In the new Gut Microbiota for Health “Clinical Minute” series, we get a scientific expert’s take on gut-microbiota-related questions of interest to healthcare professionals.

TOPIC: Should probiotics be used for prevention of Clostridium difficile infection?

Dr. Nicole T. Shen is a first year gastroenterology and hepatology fellow in the Division of Gastroenterology and Hepatology at Weill Department of Medicine, Weill Cornell Medicine (USA). She is first author of a recent systematic review with meta-analysis on the efficacy of probiotics for prevention of Clostridium difficile infection (CDI). In the US and other countries, CDI is the most common cause of infection in health care settings; administration of broad-spectrum antimicrobials is an important risk factor.

Question: What was the main clinical problem you were addressing with this meta-analysis?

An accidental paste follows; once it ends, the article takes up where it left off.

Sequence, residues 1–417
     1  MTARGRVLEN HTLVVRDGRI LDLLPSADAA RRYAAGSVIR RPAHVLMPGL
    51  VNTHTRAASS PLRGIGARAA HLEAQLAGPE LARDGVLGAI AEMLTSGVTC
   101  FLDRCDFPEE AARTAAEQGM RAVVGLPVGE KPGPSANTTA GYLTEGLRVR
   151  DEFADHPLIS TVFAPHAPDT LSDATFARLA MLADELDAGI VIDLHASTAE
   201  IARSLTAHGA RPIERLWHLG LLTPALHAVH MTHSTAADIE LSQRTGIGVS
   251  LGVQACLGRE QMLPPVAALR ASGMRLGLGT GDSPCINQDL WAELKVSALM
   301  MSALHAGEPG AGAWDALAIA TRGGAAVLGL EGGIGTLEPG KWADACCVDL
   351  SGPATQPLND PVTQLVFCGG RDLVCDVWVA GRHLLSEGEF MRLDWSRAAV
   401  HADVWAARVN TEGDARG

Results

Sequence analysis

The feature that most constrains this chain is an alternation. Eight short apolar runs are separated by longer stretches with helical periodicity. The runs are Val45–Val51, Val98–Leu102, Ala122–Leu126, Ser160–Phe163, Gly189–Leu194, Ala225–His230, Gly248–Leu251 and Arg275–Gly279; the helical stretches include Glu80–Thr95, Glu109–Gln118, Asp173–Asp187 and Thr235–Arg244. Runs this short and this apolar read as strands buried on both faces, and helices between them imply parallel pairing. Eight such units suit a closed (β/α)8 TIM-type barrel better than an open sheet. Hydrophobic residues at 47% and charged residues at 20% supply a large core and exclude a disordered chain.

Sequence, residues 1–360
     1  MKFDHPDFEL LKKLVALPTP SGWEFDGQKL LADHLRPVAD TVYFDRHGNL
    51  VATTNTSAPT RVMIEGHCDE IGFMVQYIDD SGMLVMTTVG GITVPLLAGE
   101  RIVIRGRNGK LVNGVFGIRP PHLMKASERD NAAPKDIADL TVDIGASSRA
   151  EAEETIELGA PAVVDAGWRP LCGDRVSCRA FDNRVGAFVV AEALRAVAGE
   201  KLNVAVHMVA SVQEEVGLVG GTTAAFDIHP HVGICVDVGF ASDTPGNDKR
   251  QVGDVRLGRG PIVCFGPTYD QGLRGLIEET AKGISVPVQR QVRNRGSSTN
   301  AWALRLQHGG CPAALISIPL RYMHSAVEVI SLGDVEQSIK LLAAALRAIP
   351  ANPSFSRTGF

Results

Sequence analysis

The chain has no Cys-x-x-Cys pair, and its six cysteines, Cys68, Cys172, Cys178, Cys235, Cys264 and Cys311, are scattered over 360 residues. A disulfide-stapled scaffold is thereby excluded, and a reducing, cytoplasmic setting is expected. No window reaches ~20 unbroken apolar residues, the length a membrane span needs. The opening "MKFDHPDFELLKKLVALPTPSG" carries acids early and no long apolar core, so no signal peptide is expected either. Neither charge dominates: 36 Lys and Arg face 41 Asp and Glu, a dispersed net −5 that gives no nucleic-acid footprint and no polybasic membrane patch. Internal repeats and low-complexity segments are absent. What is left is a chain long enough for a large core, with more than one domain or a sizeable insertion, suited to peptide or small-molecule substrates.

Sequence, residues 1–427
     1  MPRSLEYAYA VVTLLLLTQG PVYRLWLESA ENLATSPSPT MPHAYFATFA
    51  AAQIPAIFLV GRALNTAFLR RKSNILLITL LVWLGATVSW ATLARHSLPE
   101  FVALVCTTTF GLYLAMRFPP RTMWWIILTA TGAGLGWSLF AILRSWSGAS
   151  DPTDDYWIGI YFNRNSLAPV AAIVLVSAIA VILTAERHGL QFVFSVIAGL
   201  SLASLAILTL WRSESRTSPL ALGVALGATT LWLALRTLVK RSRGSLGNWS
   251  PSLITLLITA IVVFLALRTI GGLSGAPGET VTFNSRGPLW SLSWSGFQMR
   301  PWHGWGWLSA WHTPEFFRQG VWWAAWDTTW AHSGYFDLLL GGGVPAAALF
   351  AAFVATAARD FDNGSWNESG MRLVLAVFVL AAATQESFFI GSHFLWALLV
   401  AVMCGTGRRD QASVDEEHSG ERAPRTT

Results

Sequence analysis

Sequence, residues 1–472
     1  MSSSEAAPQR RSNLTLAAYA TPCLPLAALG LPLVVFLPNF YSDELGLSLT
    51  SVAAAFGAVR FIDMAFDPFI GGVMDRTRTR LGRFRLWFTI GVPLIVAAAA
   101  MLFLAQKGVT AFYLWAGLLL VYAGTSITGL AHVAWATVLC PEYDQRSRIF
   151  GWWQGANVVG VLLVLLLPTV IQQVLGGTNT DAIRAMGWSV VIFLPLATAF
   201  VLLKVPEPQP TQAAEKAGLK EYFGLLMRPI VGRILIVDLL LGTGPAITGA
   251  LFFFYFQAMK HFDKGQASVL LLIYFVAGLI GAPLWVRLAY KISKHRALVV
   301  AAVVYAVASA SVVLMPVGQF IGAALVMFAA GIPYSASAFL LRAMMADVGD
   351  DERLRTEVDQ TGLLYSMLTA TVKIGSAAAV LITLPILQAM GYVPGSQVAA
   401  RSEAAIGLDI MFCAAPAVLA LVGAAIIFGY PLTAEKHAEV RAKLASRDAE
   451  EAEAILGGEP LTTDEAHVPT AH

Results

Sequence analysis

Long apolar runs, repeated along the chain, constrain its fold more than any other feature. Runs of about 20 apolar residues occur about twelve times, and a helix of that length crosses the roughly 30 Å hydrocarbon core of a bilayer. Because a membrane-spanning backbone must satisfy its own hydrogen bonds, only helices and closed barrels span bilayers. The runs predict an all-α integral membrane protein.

NTS: Clinically, the question is:  Are probiotics effective at preventing C. diff infection in hospitalized adults receiving antibiotics?

We were wondering why there was such a discrepancy in the recent large randomized multi-center trial, and then the systematic review with meta-analysis, and we wondered: what is the underlying answer to the two findings we’re observing? And why in practice are some hospitals using probiotics concurrently with antibiotics, and some hospitals not?

Question: What was unique about your meta-analysis?

NTS: For the first time we looked at the effect that the timing of initiation of the probiotic had on efficacy.

No other systematic review with meta-analysis thought to look at trials that allowed inclusion of patients up to a certain point after the first antibiotic dose. Trials that had more narrowed inclusion criteria—only allowing up to two days after the first antibiotic dose for the first probiotic dose—found significantly more benefit of probiotics than those that allowed later inclusion of subjects: those that were starting the probiotic three days or more after their first antibiotic dose.